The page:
It is the idea that the more you are gradually exposed to something you fear, the less scared you will be of it.
Now, be honest and ask yourself if you have ever feared disability. By fear, I mean to avoid or to turn away from. Who hasn't, in all honesty, given a severely disabled person in the supermarket a wide berth because we felt awkward or found it so upsetting that it was easier to look away? If so, then you have feared disability.
Channel 4's coverage of the London 2012 Paralympics - and the broadcaster's extras such as the documentary The Great British Paraorchestra - have been one big exposure pill for the British nation, reaching 37 million people.
How can it be possible to fear disability any longer when we have seen it blasted across our screens in HD every day for half a month, to the point that seeing a one-legged high-jumper, a swimmer with no arms and an archer who uses his feet to hold and aim his bow and his mouth to fire an arrow seems in no way out of the ordinary?
But while the exposure has been immense, there is still a mountain to climb. The Great British Paraorchestra, which featured the conductor Charles Hazlewood bringing together an orchestra made up of disabled musicians, introduced us to Lyn Levett, a music producer with cerebral palsy.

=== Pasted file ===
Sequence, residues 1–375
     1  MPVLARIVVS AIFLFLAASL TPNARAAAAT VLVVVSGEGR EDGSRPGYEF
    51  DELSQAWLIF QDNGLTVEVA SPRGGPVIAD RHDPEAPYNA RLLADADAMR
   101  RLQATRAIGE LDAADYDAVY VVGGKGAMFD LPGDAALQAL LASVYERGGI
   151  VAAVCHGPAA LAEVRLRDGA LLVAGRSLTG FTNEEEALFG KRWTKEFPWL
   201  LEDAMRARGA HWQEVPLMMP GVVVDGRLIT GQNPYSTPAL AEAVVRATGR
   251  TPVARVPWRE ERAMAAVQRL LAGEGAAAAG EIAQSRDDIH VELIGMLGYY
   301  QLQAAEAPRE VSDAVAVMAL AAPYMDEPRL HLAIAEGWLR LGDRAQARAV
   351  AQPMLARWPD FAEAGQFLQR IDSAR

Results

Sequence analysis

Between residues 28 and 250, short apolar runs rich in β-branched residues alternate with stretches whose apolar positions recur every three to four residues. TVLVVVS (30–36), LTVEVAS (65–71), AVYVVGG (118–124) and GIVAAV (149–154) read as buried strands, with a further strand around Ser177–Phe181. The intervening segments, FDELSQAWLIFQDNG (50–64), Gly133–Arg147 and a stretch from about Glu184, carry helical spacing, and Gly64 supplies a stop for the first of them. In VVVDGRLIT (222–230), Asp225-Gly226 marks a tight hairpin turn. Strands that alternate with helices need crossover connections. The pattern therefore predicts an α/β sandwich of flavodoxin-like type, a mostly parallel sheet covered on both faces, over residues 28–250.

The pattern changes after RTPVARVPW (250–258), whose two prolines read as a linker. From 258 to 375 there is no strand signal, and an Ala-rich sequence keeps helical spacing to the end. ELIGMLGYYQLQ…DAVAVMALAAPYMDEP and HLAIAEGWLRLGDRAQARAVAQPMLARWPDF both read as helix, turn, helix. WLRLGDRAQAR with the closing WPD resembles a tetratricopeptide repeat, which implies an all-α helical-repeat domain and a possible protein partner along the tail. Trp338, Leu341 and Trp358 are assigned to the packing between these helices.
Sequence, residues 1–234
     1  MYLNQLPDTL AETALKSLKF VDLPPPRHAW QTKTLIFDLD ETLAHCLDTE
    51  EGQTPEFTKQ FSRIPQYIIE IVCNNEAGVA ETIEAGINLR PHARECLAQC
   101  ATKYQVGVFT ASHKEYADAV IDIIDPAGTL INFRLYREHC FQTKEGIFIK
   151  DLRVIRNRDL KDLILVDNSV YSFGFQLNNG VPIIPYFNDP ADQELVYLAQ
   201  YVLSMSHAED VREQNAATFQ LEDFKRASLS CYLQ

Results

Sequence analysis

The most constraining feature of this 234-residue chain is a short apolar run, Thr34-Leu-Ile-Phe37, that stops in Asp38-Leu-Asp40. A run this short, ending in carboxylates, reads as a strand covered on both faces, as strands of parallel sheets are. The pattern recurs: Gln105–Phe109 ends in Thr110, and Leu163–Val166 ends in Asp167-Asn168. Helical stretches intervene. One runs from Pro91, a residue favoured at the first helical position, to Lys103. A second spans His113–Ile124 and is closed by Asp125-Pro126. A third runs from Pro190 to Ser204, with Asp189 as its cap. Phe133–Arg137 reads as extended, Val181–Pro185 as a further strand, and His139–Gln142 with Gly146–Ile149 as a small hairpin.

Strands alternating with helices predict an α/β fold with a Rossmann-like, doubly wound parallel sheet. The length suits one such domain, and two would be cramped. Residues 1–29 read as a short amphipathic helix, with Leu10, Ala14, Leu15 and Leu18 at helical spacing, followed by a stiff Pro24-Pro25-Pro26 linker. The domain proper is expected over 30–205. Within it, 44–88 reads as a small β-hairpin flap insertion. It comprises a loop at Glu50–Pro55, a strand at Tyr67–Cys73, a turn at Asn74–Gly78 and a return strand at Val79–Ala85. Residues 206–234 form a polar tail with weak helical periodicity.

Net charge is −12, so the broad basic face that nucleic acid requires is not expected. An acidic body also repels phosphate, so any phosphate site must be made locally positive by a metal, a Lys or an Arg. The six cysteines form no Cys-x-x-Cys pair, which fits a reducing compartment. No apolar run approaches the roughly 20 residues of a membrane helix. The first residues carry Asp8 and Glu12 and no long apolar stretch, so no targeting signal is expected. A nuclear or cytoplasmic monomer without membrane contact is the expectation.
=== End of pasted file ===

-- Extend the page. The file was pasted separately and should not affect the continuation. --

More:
Levett said one of the things she found most difficult was that people who do not understand her condition presume that she has a lower mental age because of her physical disability.
So while there is further to go, it is the extraordinary power of TV that has helped make such a dent in our collective fear and prejudices regarding disability. It is something that only the reach and magnitude of TV could do in such a short space of time.
And as Russell Davies wrote in Campaign last week, we may one day get to a point where disability on TV is representative of reality (and Glee is no longer the only feel-good programme to feature someone in a wheelchair).
In his closing address at the Paralympics, the LOCOG chairman, Sebastian Coe, said: "In this country, we will never think of disability the same way."
This might be true for the generation that has witnessed this incredible event on home turf, but it is now up to our broadcasters to ensure that future generations see a real and fair and as inspirational representation of disability on TV as we have seen this summer. If they manage that, then we can say confidently that we will never think of disability the same way again.